Many people in Washington County may not think much about the options they have for their car insurance, so long as the insurance is enough to keep them legal to drive on Pennsylvania’s roads.

However, people should think carefully about the many options that Pennsylvania offers drivers who need insurance, as the choices they make can spell the different between being able to receive adequate compensation after an accident and not being able to do so.

Like a handful of other states, Pennsylvania is a strong no-fault state. What this means is that everyone in Pennsylvania carries insurance which will cover their medical bills and some of their lost wages should they be in an accident.

These first-party benefits are available on a no-fault basis, meaning an injured person gets them even if they driver of their car was responsible for the motor vehicle accident.

While these first-party benefits are of course helpful, they do not always pay for everything. In such cases, a person may sue the responsible driver in order to recover additional compensation.

How much they can sue for will depend on whether they purchased limited tort or full tort insurance:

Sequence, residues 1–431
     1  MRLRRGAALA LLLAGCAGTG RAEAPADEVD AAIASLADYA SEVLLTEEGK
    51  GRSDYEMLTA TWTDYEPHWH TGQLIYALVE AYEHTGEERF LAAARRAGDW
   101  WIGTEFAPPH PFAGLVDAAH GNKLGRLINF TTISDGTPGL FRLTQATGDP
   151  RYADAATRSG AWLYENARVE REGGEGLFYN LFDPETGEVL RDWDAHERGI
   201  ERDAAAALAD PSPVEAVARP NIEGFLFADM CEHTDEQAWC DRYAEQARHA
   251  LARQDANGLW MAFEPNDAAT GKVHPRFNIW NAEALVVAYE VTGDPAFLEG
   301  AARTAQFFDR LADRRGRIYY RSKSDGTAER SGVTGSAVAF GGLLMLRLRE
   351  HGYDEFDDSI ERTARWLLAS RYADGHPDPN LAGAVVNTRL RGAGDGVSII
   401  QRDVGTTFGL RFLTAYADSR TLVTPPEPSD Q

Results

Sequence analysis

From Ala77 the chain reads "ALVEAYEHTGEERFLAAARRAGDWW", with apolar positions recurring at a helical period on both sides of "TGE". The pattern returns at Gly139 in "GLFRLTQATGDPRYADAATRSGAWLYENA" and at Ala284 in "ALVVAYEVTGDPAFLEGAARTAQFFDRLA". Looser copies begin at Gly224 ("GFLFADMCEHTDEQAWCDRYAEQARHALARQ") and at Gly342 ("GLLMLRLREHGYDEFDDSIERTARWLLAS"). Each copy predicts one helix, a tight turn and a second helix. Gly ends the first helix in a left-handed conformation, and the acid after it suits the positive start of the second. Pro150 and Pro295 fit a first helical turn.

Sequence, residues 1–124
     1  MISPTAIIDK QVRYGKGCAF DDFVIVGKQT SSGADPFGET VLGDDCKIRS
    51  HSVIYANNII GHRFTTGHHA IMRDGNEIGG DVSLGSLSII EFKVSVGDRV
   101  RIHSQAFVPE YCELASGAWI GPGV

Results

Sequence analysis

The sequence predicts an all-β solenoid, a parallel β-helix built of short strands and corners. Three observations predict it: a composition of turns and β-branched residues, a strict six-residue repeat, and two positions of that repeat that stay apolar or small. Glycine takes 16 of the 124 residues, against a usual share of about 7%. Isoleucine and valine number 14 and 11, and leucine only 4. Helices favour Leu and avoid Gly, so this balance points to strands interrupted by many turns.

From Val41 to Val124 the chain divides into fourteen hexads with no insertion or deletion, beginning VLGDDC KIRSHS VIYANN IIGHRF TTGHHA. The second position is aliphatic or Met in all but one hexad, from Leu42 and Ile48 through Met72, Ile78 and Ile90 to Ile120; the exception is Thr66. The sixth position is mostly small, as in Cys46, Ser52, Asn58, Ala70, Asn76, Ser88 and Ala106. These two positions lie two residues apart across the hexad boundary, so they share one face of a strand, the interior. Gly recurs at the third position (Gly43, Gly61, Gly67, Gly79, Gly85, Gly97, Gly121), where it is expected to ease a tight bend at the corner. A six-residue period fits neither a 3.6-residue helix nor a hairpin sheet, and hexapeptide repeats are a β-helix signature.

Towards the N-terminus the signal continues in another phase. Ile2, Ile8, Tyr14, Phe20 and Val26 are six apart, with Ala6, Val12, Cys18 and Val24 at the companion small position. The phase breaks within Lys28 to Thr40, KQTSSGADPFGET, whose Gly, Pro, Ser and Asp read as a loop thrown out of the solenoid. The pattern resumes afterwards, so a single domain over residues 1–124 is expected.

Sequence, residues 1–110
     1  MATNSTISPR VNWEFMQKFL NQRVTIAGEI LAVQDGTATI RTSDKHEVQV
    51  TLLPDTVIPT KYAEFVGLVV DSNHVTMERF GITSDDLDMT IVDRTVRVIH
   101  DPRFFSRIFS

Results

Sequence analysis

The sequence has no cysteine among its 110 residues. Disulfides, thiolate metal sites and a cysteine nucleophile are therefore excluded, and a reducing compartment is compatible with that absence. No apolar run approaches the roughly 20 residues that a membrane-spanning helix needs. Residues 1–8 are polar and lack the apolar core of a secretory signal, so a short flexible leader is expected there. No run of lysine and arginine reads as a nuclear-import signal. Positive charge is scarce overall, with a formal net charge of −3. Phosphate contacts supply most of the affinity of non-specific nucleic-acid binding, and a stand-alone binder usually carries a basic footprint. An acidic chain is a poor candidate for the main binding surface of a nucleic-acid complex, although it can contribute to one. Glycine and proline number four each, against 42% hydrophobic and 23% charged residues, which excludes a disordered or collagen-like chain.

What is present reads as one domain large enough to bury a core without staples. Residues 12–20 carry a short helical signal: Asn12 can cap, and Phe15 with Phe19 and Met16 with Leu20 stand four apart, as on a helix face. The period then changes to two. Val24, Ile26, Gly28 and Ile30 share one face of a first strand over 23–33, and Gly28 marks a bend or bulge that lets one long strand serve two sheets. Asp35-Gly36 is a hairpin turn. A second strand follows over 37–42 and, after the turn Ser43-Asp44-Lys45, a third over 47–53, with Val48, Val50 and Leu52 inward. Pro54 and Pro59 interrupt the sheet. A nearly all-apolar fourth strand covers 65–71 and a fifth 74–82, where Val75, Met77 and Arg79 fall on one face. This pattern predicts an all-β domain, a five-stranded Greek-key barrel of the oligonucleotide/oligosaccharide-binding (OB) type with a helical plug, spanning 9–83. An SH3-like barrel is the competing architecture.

Limited tort

Someone who chooses the limited tort option is able to seek additional compensation from a negligent driver, beyond what their own insurance company pays in first-party benefits, for any outstanding out-of-pocket costs like medical bills and lost wages.

However, the person may not seek compensation for so-called nonmonetary damages, including their pain and suffering the accident, except in very limited circumstances.

Limited tort may cost a bit less since it covers less. However, the trade-off is that a person does not really get compensated for the cost of their time and trouble that will no doubt experience, sometimes for months or even years after an accident.

It’s hard to put an exact dollar figure on a person’s pain or inconvenience, but that does not mean that the damage is not real.

Full tort

A Southwestern Pennsylvania resident who purchases full tort coverage may pay a little extra for the insurance, but he or she reserves the right, in all cases, to pursue a negligent driver for all of their damages not covered by first-party benefits, including pain and suffering and other damages that might be hard to put a dollar value on.

Many people injured in an accident are thankful that they chose full tort coverage.